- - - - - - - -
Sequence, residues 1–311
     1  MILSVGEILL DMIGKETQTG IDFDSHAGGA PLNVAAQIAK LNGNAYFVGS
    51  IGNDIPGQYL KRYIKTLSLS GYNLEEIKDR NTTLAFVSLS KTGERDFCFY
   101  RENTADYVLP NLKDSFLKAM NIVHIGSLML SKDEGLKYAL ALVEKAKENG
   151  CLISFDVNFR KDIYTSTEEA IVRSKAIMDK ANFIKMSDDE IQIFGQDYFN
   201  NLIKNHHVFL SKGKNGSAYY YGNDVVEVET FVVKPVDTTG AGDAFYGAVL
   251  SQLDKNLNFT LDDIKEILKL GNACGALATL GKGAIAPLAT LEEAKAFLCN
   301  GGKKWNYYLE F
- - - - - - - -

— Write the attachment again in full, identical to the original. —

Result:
Sequence, residues 1–311
     1  MILSVGEILL DMIGKETQTG IDFDSHAGGA PLNVAAQIAK LNGNAYFVGS
    51  IGNDIPGQYL KRYIKTLSLS GYNLEEIKDR NTTLAFVSLS KTGERDFCFY
   101  RENTADYVLP NLKDSFLKAM NIVHIGSLML SKDEGLKYAL ALVEKAKENG
   151  CLISFDVNFR KDIYTSTEEA IVRSKAIMDK ANFIKMSDDE IQIFGQDYFN
   201  NLIKNHHVFL SKGKNGSAYY YGNDVVEVET FVVKPVDTTG AGDAFYGAVL
   251  SQLDKNLNFT LDDIKEILKL GNACGALATL GKGAIAPLAT LEEAKAFLCN
   301  GGKKWNYYLE F